Le Petite Crone says:  All is right with the world!

Monday, September 12, 2011

Saggy and Baggy

Let's face it women have always been concerned about their appearance.  Women of every culture, from every age have struggled to achieve what was considered their "ideal of beauty".  From a certain hair style, to scarification, tattoos, nose rings, neck stretching, head shaping, foot binding, pale skin, dark skin, sharpened teeth, white teeth, full cheeks, sunken cheeks, tall, short, plump, skinny...you name it at one time, some where, some place it was, has been, is or will be considered beautiful.

Unfortunately along this journey the pressure to be and become beautiful has warped our sense of self.  We women are more than an ideal that was created by society, by the media, by ourselves.  I feel so angry seeing young girls trying so hard to be something other than a young girl.  You see them online, in the stores, in magazines, on TV, on the streets.  Little girls with painted faces, pouty lips, dressed provocatively looking and acting like the kind of women their moms would divorce their fathers for looking at!  I've a friend who call these little girls "prosti-tots" - an apt description of how they look.  It makes me sick.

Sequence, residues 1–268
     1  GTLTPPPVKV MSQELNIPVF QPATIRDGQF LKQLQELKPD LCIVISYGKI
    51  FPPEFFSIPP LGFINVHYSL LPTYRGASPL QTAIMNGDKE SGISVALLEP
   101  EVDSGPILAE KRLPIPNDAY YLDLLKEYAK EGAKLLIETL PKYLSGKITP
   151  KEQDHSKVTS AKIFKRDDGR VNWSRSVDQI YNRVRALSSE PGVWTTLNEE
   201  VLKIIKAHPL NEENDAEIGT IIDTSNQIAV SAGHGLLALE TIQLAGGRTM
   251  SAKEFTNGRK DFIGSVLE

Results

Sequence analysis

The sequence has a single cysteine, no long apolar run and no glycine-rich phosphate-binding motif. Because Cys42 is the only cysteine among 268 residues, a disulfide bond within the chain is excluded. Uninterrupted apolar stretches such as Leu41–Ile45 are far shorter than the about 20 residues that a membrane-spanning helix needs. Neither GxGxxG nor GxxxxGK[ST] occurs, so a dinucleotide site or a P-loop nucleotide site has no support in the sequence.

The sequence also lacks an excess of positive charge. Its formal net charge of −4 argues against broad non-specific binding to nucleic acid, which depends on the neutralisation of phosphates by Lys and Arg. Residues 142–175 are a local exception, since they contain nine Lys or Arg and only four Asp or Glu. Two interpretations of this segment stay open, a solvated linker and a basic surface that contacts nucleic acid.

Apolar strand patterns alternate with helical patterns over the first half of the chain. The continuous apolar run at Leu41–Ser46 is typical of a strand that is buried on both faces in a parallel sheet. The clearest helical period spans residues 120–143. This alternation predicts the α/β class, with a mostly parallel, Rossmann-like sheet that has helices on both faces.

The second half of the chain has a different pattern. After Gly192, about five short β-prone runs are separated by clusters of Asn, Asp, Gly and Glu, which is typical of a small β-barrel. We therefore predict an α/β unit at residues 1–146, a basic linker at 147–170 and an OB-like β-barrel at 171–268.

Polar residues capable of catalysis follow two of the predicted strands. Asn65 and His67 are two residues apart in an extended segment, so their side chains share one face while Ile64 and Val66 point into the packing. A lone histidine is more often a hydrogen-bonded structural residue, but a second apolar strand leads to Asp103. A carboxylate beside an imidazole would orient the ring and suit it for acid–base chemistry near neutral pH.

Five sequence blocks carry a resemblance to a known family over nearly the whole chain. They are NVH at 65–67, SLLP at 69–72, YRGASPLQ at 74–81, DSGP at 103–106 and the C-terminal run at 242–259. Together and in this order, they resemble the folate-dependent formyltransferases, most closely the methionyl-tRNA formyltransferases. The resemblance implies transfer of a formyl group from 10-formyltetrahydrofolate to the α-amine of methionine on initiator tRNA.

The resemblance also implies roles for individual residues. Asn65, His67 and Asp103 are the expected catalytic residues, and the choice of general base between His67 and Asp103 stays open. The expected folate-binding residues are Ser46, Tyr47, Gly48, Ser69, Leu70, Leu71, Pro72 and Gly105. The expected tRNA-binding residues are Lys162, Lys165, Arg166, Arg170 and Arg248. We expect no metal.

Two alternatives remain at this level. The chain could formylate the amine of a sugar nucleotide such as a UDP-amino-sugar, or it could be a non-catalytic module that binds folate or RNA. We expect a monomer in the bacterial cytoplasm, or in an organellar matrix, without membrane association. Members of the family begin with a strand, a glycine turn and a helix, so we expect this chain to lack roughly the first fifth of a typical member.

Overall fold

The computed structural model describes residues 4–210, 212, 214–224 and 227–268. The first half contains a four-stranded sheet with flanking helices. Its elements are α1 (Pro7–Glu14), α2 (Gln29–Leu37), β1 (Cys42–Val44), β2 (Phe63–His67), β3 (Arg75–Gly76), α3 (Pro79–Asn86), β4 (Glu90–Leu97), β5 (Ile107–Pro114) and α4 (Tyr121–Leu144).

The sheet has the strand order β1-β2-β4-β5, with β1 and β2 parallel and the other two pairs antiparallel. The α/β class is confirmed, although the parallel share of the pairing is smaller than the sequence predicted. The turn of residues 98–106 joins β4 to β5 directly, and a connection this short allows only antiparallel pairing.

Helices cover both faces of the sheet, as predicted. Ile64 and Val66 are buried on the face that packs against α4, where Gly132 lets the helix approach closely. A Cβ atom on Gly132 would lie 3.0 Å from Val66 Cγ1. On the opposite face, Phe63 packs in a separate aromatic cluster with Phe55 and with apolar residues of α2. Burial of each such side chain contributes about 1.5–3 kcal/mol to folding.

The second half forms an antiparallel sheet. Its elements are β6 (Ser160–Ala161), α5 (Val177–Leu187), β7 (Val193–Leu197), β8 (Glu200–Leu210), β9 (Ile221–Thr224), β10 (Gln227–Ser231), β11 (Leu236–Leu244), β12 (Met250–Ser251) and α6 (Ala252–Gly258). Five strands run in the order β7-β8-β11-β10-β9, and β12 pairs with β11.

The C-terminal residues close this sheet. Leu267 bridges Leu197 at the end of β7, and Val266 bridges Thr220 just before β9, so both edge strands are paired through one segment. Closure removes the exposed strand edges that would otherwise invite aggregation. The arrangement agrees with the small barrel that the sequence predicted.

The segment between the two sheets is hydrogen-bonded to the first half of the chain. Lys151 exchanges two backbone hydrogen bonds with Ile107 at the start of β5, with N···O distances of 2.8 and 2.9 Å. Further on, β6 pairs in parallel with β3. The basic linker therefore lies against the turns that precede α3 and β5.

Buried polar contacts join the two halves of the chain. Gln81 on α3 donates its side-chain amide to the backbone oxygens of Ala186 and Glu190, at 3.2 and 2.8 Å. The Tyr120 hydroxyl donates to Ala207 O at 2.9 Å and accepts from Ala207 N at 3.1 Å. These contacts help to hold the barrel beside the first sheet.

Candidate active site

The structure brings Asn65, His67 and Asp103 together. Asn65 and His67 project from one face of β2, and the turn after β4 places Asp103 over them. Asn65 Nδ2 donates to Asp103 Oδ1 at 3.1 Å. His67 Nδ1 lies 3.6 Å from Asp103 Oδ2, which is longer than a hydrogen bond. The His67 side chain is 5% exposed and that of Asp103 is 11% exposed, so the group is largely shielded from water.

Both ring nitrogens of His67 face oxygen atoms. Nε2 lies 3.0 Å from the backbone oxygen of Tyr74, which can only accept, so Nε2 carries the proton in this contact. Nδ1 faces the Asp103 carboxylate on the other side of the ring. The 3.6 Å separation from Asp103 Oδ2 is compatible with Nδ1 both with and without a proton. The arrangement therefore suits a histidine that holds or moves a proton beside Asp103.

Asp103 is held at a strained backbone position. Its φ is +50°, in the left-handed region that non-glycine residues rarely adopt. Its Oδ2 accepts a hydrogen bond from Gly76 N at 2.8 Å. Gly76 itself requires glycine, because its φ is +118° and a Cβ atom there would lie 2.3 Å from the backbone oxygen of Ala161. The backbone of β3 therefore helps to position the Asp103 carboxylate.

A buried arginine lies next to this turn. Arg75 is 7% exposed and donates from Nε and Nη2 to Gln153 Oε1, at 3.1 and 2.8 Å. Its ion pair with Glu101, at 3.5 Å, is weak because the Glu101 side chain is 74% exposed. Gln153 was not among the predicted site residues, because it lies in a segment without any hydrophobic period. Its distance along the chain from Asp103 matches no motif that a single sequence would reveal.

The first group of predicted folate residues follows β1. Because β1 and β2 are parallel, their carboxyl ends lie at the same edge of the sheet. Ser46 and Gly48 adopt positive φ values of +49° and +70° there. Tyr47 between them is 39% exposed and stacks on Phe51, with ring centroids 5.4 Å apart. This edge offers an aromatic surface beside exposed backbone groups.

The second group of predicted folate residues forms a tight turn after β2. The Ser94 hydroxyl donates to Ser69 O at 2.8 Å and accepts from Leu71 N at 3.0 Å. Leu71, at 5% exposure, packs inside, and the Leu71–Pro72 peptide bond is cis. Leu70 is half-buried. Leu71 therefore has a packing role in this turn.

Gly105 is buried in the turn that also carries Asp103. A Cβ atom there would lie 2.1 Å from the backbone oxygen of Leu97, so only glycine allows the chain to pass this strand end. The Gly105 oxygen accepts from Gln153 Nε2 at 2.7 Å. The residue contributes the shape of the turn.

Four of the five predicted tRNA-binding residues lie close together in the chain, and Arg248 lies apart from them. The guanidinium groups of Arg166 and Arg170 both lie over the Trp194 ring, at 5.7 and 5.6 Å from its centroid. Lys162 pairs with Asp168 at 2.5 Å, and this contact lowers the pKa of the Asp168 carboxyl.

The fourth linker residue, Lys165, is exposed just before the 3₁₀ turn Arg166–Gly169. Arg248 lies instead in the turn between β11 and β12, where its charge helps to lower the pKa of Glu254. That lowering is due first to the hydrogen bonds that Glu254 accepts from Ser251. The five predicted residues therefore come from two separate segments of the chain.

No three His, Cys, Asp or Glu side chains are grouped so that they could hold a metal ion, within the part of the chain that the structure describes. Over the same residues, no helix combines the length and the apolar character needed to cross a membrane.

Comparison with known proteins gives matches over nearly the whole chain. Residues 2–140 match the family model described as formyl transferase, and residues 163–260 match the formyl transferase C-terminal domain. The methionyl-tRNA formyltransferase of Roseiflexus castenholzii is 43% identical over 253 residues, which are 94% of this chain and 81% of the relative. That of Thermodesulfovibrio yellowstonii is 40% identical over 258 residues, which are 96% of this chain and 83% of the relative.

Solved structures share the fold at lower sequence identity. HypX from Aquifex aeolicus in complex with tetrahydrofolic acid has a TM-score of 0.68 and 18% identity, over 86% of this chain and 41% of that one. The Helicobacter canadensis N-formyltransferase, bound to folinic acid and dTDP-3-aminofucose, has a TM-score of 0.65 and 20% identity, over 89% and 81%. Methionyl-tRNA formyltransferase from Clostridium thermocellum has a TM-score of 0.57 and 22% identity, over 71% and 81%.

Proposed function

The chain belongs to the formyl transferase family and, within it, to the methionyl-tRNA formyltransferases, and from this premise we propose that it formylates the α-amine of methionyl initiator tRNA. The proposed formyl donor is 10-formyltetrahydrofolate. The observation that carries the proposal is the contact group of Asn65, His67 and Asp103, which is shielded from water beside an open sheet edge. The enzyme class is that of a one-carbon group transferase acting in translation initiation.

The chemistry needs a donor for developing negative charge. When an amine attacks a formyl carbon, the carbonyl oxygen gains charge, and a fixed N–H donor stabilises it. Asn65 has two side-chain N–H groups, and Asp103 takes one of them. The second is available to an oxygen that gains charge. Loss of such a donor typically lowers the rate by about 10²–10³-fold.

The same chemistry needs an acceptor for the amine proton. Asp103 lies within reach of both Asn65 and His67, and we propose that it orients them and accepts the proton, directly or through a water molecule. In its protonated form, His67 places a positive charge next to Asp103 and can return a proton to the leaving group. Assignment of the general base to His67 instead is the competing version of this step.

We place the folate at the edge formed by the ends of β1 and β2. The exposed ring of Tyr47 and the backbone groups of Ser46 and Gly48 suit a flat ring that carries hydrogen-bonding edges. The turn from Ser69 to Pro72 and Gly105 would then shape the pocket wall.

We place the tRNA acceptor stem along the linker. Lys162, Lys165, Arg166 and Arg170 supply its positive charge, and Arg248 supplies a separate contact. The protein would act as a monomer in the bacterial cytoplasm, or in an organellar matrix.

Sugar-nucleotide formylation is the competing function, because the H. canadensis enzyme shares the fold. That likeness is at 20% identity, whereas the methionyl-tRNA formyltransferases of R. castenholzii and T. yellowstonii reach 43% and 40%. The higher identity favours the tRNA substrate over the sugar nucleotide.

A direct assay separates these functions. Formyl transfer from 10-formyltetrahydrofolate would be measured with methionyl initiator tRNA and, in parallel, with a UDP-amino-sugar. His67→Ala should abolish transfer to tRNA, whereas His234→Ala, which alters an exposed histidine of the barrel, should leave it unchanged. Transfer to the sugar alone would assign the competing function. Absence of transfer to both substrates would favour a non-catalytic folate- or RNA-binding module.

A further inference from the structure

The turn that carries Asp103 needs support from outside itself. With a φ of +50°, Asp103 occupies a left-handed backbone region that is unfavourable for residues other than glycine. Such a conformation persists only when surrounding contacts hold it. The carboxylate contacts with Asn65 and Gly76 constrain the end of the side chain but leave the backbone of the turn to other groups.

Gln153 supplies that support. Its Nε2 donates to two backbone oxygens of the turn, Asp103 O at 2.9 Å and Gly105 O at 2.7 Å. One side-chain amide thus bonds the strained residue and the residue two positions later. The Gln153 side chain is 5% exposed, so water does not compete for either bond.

I can understand it though, I have not been immune to this desire for achieving the "ideal".  I spent so many years growing up feeling like an outcast and ugly because I could never in my wildest dreams be what was considered beautiful.  I was never popular in school because I wasn't one of the "cute" girls.  I wanted to be, I tried to be but I could never, have never and will never be tall, skinny and tanned with big boobs.  Well, ok, one out of four I've got.  Trying to be something that I could never be made me nuts and about ruined my health.  It certainly screwed up my mind. 

Age can be illuminating for some women for others it isn't.  For the crones out there, you know what I'm talking about.  I am, now, for the first time ok with how I look.  I may have a few wrinkles, I may be a bit saggy and baggy.  I've got pale skin, silver hair and a few extra pounds.  I'm ok with that.  I'm happy.  I like myself.  I wish it hadn't taken so many years to get to this point.  I worry about all the young women out there who may never realize that perfection and beauty really is inside.

Le Petite Crone says:  I'm beautiful just the way I am!

Tuesday, September 6, 2011

First and Second Sleep - Oh Joy!

One thing I've noticed as I age into my "Crone years" is that I just don't sleep well anymore.  I like to borrow a notion from J.R.R. Tolkien's hobbits who had "first breakfast" and "second breakfast" - I now have "first sleep" and "second sleep".